Easy Homemade Custard Tart
This easy homemade custard tart is the perfect healthy morning tea or afternoon tea snack. It’s made from shortcrust pastry, eggs, vanilla and coconut cream – making it dairy free. It keeps well in the fridge and can travel too.
If I’m honest, I didn’t know how this one was going to turn out. But if BJ likes it, it gets shared and his words when he crashed my photoshoot were ‘Yummy’. If you saw me share that moment on my Instagram stories – no it was not a set up.
Way back when I was a little Lou, there were 2 desserts that ruled my childhood. Besides home brand Neopolitan ice-cream with Ice Magic eaten on the lounge while watching MacGyver.
Dessert 1: My Pa owned a Locksmith in Cabramatta (in Sydney’s West)
My mum used to help out and I’d go along too. The biggest highlight of the day was the vanilla slice from the epic Vietnamese bakery. This was the OG style of vanilla slice, no thick passionfruit icing. Just flaky layers of pastry, soft vanilla custard and lots of icing sugar.
Dessert 2: My Little Gran volunteered at Vinnies in Merrylands (Sydney’s West)
She called it ‘The Shop’. On the days she’d look after me and my brother, we’d drive to The Shop, via picking up her work friends Mary and Inga and spend the morning playing in the large circular clothing racks and jumping out at people scaring them.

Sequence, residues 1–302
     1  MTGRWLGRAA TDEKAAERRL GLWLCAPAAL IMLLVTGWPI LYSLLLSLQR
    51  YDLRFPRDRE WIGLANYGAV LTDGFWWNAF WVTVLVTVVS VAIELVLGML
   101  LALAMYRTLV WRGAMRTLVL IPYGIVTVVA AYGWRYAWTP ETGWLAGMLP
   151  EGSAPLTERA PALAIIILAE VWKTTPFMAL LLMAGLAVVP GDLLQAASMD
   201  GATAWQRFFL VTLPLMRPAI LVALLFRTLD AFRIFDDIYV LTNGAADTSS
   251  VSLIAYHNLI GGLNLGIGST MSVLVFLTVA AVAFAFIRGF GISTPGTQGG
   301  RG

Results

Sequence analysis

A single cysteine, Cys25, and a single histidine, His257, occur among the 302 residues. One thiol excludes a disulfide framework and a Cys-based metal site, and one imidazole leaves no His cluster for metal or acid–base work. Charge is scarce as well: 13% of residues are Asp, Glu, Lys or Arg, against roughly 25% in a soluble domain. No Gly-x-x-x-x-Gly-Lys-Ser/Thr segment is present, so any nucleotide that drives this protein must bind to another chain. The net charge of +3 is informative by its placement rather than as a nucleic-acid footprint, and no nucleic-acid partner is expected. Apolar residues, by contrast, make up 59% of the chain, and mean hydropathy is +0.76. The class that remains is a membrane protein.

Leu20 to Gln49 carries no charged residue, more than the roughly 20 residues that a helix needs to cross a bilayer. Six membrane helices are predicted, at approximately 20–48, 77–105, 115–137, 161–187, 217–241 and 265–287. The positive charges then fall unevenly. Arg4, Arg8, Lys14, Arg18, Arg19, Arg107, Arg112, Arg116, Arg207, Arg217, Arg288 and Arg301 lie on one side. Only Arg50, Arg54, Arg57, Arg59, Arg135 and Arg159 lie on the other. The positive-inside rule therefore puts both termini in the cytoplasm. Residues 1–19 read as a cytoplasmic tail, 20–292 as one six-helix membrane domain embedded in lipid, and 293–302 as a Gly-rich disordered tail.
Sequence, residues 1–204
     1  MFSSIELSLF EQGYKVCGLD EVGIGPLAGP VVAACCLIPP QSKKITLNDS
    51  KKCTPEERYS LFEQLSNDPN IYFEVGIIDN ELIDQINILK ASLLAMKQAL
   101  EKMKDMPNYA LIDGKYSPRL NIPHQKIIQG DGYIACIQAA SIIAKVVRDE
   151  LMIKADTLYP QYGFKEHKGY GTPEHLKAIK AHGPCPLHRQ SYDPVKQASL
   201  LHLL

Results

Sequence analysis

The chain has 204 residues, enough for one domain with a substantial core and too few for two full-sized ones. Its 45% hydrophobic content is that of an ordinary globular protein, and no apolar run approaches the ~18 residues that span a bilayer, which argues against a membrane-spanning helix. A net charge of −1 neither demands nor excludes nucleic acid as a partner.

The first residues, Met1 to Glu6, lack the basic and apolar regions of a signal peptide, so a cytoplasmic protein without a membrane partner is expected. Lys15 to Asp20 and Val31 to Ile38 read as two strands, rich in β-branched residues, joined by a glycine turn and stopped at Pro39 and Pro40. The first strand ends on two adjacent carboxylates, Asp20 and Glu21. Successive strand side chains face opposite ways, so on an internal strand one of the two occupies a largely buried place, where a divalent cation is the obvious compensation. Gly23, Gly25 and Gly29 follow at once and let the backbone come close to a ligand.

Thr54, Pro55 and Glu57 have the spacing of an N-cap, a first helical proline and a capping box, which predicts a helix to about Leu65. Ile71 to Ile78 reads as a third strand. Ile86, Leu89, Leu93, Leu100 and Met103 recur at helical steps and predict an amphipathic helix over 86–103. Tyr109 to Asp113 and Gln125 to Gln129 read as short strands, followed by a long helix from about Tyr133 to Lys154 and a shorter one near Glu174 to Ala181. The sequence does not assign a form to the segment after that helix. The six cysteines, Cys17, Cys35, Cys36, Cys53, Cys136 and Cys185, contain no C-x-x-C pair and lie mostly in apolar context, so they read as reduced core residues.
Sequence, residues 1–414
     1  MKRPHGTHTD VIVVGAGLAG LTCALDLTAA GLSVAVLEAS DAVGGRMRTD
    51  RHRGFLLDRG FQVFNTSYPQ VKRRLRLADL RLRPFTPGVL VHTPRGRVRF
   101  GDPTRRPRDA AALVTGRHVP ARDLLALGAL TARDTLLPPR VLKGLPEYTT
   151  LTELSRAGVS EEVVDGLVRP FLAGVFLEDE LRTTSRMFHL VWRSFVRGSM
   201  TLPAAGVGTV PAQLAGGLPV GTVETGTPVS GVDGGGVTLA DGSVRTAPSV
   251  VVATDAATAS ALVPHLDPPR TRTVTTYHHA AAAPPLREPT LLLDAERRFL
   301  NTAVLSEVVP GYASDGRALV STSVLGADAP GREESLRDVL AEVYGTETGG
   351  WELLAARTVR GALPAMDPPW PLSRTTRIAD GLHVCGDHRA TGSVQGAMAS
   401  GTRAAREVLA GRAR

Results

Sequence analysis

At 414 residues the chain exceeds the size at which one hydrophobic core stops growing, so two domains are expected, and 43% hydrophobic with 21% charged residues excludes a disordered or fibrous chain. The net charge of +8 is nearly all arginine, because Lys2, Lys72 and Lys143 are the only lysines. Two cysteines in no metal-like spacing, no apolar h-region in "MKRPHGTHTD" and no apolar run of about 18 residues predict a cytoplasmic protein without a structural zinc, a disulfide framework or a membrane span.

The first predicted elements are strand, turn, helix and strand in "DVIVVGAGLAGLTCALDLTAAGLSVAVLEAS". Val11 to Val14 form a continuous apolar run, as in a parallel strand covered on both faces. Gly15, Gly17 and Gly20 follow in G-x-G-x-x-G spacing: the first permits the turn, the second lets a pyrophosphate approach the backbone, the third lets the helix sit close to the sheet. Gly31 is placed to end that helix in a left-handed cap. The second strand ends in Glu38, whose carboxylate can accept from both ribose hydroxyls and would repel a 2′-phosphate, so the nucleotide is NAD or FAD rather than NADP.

Midway through this mayhem, we’d pop over to the bakery and she’d buy us a custard tart. Custard tarts were THE dessert that reminds me of my Gran. She’d pick us up from school… custard tart. Go to The Shop… custard tart. Picnic… custard tart.
I always thought it’d be impossible to recreate these 2 desserts without a whole heap of dairy and sugar but here we are Linda. And it all started because I had leftover shortcrust pastry and an extra carton of eggs.
Introducing this easy homeade custard tart – a dairy free mashup between a classic English custard tart and an old school vanilla slice.
The pastry reminds me of the vanilla slice because I forgot to add my baking beads while blind baking, resulting in this crispy flaky pastry.
If you’re like me and these 2 desserts bring back all the early 90’s memories or you’re really trying to eat a more wholefood diet – I reckon you’re going to love this recipe.
Let’s talk about the magic of eggs for a sec…
Egg yolks are high in choline, cholesterol and grass-fed (pasture raised) yolks are rich sources of Vitamins A, D, iron and folic acid. Making them the perfect ingredient for pregnant women, postpartum women and babies (once introduced properly) and everyone in between.
The key here to reap the nutritional benefits is buying the best eggs you can with your money. Local, pasture raised eggs are worth the 90c per egg price tag. I don’t believe that is expensive, however it can seem that way if you’re comparing supermarket eggs to pasture raised side by side without taking into account how they’re treated, managed and how your body absorbs them.
Fat and cholesterol have had such a bad rap over the years. I feel like it’s dissipating but I still hear people stress over adding butter to their meals believing they’ll get fat. I’d never be concerned about eating this recipe or serving it to BJ because of fat or cholesterol.
We need to start looking toward and questioning relatively new ingredients in the history of humans eating food. Food/ingredients created in labs like margarine, industrial seed oils, vegetable oils, refined sugar and refined white flour, before we go questioning basic natural foods (eggs and butter) that have been around for a really long time and a relatively un-messed with.